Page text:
Whirlwind

It’s been a four day week (here in the states where Independence Day was Monday) and it’s been an absolute whirlwind of doctor waiting rooms, exam rooms, traffic lights, grocery and pharmacy. On top of that, trying to stay out of the heat, and deal with new and different types of pain in new and different types of places. Like eye pain and chest pain. Not fun. Extra phone calls have been necessary too.

Prescription change I need to call my immunologist about Monday. Another new doctor I need to make an appointment with. I have to make sure that this is “just” my asthma no longer well controlled. You know, just asthma. My immune system is totally not doing its job right now.

If I was “normal” I’d get drunk tonight but that won’t help anything. I’d feel worse in the morning, so much worse and if I was really unlucky I’d end up with a migraine or something comparable. Three doctor appointments this week, all three ran late. I have three more doctor appointments next week.

Oh yea and we won’t even talk about the prednisone taper. At least it’s only five days. I am in such desperate need for some kind of fun random thing. A small surprise, or an afternoon spent somewhere new or a kitten. A kitten would help!

Symptoms of Hypoglycemia not from diabetes

I have finally remembered to look up symptoms of hypoglycemia. I don’t have diabetes, just hypoglycemia. I didn’t realize that I was experiencing the mild symptoms on a regular basis, multiple times a day, until I saw a dietician. I’m copying and pasting this here to help me remember and to put it someplace I can easily find it again.

Hypoglycemia (Low Blood Sugar) in People Without Diabetes

Definition/Causes
Hypoglycemia, or low blood sugar, is most common in people with diabetes. If you have already been diagnosed with diabetes and need more information about low blood sugar, see Type 1 Diabetes or Type 2 Diabetes.

Your body uses hormones to keep your blood sugar in a normal range. But a long-term health problem that needs treatment can cause blood sugar to drop too low.

People with diabetes often deal with low blood sugar. It’s not as common in people who don’t have diabetes, but it can happen. It could be caused by:

* Medicines such as monoamine oxidase inhibitors (used to treat depression), quinine sulfate (used to treat malaria), and aspirin.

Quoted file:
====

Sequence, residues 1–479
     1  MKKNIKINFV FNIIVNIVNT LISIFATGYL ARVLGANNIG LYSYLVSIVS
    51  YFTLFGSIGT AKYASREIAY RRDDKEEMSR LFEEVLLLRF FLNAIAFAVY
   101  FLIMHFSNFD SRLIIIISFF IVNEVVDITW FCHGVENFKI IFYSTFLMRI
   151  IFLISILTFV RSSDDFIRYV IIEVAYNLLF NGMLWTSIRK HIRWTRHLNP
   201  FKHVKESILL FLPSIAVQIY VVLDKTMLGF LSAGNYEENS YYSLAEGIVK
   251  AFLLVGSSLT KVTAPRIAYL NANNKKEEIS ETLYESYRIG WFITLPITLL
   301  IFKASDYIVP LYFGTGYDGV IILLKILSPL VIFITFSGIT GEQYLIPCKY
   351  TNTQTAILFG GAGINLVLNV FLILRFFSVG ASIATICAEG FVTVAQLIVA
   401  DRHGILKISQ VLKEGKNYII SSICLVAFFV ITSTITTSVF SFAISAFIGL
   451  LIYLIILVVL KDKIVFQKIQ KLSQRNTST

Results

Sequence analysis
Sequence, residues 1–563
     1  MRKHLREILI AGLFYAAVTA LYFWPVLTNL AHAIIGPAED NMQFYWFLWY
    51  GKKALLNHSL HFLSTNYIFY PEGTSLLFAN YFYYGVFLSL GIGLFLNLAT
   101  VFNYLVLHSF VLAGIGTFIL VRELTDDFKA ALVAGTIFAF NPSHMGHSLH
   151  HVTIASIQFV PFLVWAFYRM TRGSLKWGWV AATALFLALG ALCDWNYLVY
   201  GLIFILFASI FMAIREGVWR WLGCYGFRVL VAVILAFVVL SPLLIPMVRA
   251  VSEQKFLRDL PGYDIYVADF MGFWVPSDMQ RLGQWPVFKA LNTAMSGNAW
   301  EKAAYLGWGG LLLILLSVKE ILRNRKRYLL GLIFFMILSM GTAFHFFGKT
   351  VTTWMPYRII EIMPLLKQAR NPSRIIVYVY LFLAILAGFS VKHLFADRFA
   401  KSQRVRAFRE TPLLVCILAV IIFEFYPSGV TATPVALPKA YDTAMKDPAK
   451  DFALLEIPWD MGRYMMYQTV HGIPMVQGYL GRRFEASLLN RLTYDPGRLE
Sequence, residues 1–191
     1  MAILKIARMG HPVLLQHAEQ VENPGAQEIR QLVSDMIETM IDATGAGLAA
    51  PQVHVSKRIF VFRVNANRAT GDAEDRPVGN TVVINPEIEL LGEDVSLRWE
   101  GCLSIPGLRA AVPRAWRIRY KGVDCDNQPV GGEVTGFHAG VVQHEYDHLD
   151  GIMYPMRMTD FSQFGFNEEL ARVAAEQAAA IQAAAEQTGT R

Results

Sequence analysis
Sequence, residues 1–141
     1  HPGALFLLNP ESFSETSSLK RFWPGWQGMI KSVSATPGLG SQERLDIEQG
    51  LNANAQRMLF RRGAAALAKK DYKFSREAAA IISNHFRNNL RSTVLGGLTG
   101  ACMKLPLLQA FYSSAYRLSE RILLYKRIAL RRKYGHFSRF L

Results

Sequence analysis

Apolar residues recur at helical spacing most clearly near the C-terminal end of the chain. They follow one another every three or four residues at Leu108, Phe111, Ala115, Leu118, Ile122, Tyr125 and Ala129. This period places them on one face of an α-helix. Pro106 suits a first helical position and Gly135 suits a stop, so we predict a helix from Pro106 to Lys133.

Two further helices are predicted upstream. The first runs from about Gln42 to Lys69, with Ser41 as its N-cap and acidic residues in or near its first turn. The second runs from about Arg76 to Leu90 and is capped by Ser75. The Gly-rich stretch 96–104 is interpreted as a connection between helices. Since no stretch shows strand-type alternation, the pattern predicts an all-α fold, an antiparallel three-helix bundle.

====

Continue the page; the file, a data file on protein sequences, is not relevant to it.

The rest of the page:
* Drinking too much alcohol.
* Diseases that affect the pancreas, liver, kidneys, adrenal glands, or other organs.
* Metabolism problems that run in families.
* Problems caused by stomach surgery.

Symptoms
The symptoms of hypoglycemia may vary from episode to episode because low blood sugar can be mild, moderate, or severe. Increasingly severe symptoms appear as the blood sugar level falls.

In healthy people, fasting blood sugar levels are usually between 70 and 99 mg/dL.

Mild hypoglycemia

Symptoms of mild low blood sugar usually develop when blood sugar falls below 70 mg/dL and may include:

* Nausea.
* Extreme hunger.
* Feeling nervous or jittery.
* Cold, clammy, wet skin and/or excessive sweating not caused by exercise.
* A rapid heartbeat (tachycardia).
* Numbness or tingling of the fingertips or lips.
* Trembling.

Moderate hypoglycemia

If blood sugar continues to fall, the nervous system will be affected. Symptoms usually develop when the blood sugar falls below 55 mg/dL and may include:

* Mood changes, such as irritability, anxiety, restlessness, or anger.
* Confusion, difficulty in thinking, or inability to concentrate.
* Blurred vision, dizziness, or headache.
* Weakness, lack of energy.
* Poor coordination.
* Difficulty walking or talking, such as staggering or slurred speech.
* Fatigue, lethargy, or drowsiness.

Severe hypoglycemia

The symptoms of severe low blood sugar develop when blood sugar falls below 35-40 mg/dL and may include:

* Seizures or convulsions.
* Loss of consciousness, coma.
* Low body temperature (hypothermia).

Prolonged severe hypoglycemia can cause irreversible brain damage and heart problems, especially in people who already have coronary artery disease. If emergency medical treatment is not provided, severe hypoglycemia can be fatal.

Some medicines may mask symptoms of low blood sugar, including beta-blockers, which are often used to treat heart conditions and high blood pressure.
Different people may develop symptoms of mild, moderate, or severe hypoglycemia at varying blood sugar levels. Although the blood sugar levels listed above are typical, they may not apply to everyone. If your blood sugar drops suddenly, you may develop symptoms even if your level is in the normal range.

Tips on how to go to the Doctor

As I’ve spent more and more of my time going to different doctors I’ve realized how much people don’t know about how doctor’s offices work. Also, different doctors or practices obviously have different procedures. As of the last few months, maybe even the last year, I now try to do certain things when going to the doctor. It’s probably why I’ve decided to also refer to myself as a professional patient.

I find lists are easier to read on the Internet. For the most part these are in no particular order.